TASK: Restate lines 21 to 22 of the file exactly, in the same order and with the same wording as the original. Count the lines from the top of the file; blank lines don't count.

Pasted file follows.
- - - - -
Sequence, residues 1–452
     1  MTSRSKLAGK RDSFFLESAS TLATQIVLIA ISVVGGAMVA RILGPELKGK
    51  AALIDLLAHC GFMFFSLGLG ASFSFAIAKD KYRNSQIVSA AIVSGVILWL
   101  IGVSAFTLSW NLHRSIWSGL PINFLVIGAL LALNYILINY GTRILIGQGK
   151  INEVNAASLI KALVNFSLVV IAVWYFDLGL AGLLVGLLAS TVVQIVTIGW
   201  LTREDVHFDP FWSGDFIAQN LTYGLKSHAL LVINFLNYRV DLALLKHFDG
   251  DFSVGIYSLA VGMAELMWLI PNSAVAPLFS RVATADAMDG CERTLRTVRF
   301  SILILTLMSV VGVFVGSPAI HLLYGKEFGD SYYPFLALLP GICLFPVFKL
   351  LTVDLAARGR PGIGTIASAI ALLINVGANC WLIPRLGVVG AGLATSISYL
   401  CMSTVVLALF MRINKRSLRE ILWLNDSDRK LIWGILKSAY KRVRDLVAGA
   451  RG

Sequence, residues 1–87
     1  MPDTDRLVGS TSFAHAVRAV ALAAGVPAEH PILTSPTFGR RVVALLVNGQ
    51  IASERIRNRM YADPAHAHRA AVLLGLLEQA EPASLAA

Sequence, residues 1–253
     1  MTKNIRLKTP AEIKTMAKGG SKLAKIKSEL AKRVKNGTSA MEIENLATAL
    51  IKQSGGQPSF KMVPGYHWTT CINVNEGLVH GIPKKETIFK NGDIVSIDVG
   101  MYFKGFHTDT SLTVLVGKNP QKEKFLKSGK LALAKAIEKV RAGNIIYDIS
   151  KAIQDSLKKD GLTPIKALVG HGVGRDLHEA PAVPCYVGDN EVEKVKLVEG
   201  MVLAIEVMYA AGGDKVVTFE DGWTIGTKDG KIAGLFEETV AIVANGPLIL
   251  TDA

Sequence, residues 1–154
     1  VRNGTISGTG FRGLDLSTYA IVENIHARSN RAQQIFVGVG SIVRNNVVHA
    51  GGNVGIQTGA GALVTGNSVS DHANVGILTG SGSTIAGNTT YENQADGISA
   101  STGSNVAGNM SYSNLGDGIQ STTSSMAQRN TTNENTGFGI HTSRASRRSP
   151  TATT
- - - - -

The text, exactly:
   251  TDA

Sequence, residues 1–154